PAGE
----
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The Effects of Restructuring & Deindustrialization

Instructor: David Juliao

David has a bachelor's degree in architecture, has done research in architecture, arts and design and has worked in the field for several years.

Nowadays, terms like 'restructuring' and 'deindustrialization' are heard more and more frequently. But what do they mean? In this lesson, learn about restructuring and deindustrialization and examine some of the effects of these economic transformations.

Economic Transformations

Human societies change and economic systems are transformed over time. When the Industrial Revolution began in the 18th century, the world changed and Europe and North America became industrial societies. For the first time, these regions relied more on manufacturing than on agriculture.

In the 20th century, new economic changes began in these industrial nations, allowing traditional sectors to disappear and giving way to new activities. These modern economic activities are usually grouped into sectors:

  • Primary sector: Basic industries related to production and retrieval of raw materials, like farming, mining, oil refineries, and steel factories
  • Secondary sector: Manufacturing industries that transform raw materials into goods, like construction, car industries, textile industries, and similar activities
  • Tertiary sector: Service activities like banking, entertainment, tourism, retail sales, and professional services
  • Quaternary sector: Knowledge-based activities, like information technology, research facilities, and other high-tech industries.

Deindustrialization is a process of economic transformation of a city or region, in which the primary and secondary activities stop being the main employment force of an economy and those industrial capacities diminish or even disappear. If the tertiary sector absorbs the workforce, then a restructuring process might be in place.

Deindustrialized economies stop relying on the primary & secondary sectors
Deindustrialization

Restructuring is an economic process that involves an urban area or region changing from a manufacturing-based to a service sector economy. This has been a common phenomenon in mature industrialized societies like Europe and the United States.

Effects of Restructuring and Deindustrialization

Worldwide, restructuring and deindustrialization are changing the contemporary economic landscape and have influenced in the development of new industrial areas and economic sectors.

Outsourcing of Manufacturing Activities

The deindustrialization of one area often means that those manufacturing activities have relocated somewhere else, also called outsourcing. By localizing specific activities in developing countries, many companies have increased productivity and reduced production costs.

Detroit knows the effects of outsourcing. It used to be the heart of the American automobile industry. Gradually, the production of several raw materials, components, and even entire assembly lines were relocated to other countries with more affordable labor costs. The companies maintained competitive prices, but Detroit suffered a severe job loss. Many factories left, as did people who were able to find jobs elsewhere. Today, the city, full of abandoned buildings, suffers from higher crime rates and other social issues, further debilitated by a lack of tax funds, money that used to be paid by car factories.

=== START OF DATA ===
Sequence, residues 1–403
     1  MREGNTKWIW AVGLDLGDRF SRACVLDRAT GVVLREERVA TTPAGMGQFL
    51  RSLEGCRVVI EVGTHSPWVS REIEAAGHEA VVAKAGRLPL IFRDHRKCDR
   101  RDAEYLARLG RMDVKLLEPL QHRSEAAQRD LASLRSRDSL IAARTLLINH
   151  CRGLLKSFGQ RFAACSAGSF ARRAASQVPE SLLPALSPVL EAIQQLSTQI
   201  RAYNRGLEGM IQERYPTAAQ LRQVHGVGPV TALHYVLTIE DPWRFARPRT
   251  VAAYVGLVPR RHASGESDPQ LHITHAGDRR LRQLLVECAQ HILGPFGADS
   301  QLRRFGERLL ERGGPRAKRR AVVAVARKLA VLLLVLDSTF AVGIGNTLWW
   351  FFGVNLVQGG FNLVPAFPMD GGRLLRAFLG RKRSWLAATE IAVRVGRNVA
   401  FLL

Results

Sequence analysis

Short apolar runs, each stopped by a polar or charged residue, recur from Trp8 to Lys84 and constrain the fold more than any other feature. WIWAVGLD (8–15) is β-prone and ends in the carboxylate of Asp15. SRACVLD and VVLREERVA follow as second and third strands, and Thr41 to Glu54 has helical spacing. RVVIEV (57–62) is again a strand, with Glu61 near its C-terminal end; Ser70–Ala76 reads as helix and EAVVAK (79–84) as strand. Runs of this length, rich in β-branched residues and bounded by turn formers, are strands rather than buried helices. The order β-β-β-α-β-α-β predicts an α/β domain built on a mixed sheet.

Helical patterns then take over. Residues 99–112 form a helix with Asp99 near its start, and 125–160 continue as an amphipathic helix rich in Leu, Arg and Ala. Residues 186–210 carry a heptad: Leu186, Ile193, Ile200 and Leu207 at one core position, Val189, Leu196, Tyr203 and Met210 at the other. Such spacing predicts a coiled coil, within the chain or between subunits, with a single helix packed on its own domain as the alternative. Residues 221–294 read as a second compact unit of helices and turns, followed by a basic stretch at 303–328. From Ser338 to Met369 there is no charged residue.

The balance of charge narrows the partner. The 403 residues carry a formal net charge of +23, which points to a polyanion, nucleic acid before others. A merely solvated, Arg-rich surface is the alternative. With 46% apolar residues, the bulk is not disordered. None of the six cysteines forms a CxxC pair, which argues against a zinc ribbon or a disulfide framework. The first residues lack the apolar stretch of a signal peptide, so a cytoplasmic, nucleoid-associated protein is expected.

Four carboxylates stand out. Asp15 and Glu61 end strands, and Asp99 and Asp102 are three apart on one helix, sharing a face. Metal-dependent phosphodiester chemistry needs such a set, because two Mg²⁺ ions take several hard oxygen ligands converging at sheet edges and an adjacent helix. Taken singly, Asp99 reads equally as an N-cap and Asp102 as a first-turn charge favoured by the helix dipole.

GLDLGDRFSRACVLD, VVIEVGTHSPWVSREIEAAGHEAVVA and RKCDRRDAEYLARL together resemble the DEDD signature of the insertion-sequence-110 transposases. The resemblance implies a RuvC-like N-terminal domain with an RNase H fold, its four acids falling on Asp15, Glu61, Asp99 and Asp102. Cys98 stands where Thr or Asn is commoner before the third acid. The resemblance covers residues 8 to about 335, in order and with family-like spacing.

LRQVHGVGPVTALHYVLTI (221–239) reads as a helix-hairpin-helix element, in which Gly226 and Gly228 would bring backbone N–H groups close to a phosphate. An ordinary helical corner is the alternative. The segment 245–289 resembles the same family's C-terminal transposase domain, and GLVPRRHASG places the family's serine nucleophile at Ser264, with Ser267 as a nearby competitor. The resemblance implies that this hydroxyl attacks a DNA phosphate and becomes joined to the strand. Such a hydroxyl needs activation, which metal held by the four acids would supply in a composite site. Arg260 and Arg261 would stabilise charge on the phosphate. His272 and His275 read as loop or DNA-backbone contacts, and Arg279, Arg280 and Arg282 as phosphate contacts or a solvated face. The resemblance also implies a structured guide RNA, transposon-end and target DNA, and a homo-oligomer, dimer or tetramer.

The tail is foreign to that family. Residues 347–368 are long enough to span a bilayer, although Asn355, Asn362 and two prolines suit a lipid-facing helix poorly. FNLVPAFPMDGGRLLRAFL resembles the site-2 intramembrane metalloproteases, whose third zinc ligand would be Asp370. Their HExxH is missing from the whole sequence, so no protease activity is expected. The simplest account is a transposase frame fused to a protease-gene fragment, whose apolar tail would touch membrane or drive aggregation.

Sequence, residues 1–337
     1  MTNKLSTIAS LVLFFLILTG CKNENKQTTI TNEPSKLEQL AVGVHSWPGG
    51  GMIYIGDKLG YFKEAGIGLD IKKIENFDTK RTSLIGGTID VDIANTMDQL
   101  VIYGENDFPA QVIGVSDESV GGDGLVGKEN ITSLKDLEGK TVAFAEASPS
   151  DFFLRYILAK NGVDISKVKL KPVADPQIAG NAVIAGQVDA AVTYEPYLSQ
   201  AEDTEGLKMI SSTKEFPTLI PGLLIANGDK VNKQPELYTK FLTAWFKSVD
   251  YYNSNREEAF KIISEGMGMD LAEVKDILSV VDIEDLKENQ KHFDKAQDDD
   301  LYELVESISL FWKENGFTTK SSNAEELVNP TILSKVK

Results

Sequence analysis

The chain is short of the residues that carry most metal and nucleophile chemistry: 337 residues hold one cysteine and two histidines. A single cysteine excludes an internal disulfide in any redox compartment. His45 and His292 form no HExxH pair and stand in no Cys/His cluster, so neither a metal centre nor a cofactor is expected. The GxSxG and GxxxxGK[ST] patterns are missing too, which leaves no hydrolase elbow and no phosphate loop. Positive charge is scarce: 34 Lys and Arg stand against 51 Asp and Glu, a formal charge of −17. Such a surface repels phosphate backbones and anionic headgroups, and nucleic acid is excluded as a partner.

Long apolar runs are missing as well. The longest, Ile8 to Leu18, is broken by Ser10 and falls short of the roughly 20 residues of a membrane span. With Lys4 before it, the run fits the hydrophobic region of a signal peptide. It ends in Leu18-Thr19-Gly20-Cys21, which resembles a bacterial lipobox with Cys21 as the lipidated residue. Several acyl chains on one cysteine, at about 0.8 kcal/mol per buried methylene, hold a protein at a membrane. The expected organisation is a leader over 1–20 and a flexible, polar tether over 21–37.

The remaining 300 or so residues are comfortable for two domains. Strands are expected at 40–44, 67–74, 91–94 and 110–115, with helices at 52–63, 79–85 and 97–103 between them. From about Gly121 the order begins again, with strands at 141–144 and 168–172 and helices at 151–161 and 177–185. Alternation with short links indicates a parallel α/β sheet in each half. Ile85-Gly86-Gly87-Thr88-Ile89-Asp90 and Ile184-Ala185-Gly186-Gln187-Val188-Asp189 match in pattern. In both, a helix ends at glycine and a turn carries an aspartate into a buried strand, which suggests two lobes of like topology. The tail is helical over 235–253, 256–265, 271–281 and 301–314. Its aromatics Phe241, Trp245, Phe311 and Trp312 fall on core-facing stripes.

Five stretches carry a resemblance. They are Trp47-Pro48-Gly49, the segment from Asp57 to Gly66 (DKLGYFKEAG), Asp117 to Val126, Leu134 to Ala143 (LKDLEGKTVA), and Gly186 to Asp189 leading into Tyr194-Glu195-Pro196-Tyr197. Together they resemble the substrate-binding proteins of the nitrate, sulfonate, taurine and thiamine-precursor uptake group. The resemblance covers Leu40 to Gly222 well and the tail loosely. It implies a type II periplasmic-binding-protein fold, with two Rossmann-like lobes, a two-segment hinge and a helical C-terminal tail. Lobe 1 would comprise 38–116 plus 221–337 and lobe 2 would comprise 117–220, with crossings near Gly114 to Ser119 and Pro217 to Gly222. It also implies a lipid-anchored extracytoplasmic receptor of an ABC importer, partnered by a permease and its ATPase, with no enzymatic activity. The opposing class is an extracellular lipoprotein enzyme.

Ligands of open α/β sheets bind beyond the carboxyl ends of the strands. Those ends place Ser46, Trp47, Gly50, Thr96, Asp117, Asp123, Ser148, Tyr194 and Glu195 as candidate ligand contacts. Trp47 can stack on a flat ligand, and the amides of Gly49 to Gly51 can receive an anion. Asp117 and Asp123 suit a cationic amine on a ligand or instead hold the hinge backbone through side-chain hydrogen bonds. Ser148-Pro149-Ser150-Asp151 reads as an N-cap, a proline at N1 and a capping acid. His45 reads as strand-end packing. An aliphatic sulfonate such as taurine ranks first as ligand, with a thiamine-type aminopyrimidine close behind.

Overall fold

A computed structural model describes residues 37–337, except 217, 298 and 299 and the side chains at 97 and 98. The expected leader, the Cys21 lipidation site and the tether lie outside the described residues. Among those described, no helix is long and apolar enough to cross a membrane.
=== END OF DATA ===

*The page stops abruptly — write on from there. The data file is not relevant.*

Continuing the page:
Deindustrialized Detroit
Abandoned factory

While outsourcing had a negative impact in some cities, it has allowed the emergence of newly-industrialized economies. Entire regions of Mexico, the Philippines, and other newly-industrialized countries have specialized in manufacturing components for the foreign industries. The outsourcing of tertiary activities is also a growing practice. For example, many companies hire the service of foreign call-centers for taking care of customer service lines.

Diffusion of Industrial Activities

During the 20th century, IT industries often concentrated all activities in large complexes. With the improvement of communications and lower costs of international transport, different production phases are now commonly located in different areas and one specialized firm often takes care of each stage of the process. This division of activities gave origin to the development of specialized manufacturing zones and a division of labor activities.

For example, in Mexican maquiladoras, materials are imported, locally manufactured, and then exported back to the country of origin. The process is tax-exempt. The Mexican manufactures of many American products gave birth to this term. Hundreds of industrial facilities have been established close to the US border.

Other manufacturing centers have developed as special economic zones. In China, the government defined several areas where foreign companies are exempt from taxes. Most, if not all, the manufactured goods are meant for export.

Low labor costs and special economic zones are available in China
Chinese cargo ship

There are also free-trade zones, used mostly for international commercialization instead of manufacturing. The Colon Zone in Panama is one of them. Thanks to the Panama Canal and tax exemptions, tons of goods are commercialized between international retailers at very competitive costs, resulting in an area that works like a global wholesale facility.

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